Like the triumphal arches of Ancient Rome, Moscow’s Triumphal Arch commemorates a military victory. Inspect the sculptures and reliefs of the monument and try to guess what the various depictions represent.
This triumphal arch marked a change in how Russians remembered their successes. Previously, the norm was to erect religious buildings, but Peter the Great brought to the country the new practice of building victory arches. It is dedicated to the 1812 Patriotic War against Napoleon. Once a fixture in Tverskaya Zastava Square, see it now in Pobedy Square, where it was taken in the 1960s after many years in storage.
Notice the two warrior statues standing guard on the lower levels of the triumphal arch. They wear a mixture of Russian and Roman clothing, conjuring up associations with the military might of Rome. Sculptures of the goddess Victory sit gazing into the distance on the upper levels. On top of everything is the Chariot of Glory. Note how Victory is again represented here, this time with six horses dragging her chariot forward. She also carries a laurel wreath to award to her winners.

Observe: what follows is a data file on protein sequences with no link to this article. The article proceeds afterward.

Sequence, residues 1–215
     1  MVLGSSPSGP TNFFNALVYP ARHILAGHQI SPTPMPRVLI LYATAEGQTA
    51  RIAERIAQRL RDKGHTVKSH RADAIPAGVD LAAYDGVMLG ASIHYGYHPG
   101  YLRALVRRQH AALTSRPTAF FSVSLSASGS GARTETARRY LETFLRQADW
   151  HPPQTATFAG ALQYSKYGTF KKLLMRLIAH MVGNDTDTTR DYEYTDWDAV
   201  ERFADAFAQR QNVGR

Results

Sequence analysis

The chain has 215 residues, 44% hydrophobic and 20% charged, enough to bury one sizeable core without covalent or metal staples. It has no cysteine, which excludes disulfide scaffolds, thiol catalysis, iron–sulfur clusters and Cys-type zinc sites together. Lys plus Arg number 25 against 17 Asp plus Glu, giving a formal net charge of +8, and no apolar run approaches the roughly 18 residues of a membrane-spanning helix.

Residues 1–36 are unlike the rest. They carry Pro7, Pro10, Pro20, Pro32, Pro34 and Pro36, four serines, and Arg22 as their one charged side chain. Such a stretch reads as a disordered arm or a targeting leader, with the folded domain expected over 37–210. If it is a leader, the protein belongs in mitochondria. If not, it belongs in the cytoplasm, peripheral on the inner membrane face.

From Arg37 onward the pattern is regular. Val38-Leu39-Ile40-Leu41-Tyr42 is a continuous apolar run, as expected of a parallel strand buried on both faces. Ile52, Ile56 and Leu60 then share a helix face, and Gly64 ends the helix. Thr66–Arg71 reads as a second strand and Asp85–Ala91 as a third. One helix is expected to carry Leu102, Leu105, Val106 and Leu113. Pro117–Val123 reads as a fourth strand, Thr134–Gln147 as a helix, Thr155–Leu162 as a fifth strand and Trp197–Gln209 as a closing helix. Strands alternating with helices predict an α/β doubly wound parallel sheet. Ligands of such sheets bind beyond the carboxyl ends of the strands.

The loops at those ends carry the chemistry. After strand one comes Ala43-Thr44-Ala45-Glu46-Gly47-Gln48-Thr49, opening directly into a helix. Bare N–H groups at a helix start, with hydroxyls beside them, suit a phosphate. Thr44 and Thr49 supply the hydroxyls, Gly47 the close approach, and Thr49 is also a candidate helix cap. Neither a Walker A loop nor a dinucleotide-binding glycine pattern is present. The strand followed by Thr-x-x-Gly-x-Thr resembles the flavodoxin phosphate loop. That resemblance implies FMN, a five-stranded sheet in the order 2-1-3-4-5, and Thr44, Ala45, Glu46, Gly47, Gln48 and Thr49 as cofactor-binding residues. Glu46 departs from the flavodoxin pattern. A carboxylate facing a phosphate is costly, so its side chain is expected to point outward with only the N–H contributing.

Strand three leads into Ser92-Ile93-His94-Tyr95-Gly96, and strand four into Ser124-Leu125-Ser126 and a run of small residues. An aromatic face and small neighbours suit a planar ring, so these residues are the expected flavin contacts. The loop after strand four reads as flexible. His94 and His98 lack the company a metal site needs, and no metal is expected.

Below Victory, look for a plaque with words by Prince Mikhail Kutuzov, a field marshal, which praises the bravery of those who fought in 1812. Look closely at the monument and you will see its intricate high reliefs. These blend the Russian style of the time with ancient world influences, which lend them a mythical feel. Try to find one in which Russian soldiers are depicted smiting the French in classical garb with sword and shield.
Another high relief shows a woman with a shield sporting Moscow’s coat of arms, featuring St. George and the dragon he slayed. Alexander I is with her, in the costume of a Roman leader. Note that Minerva and Hercules, key figures in ancient mythology, watch the activities.
Take the metro to Park Pobedy to see the Triumphal Arch in Moscow. It is a public monument and as such, is free for all to admire.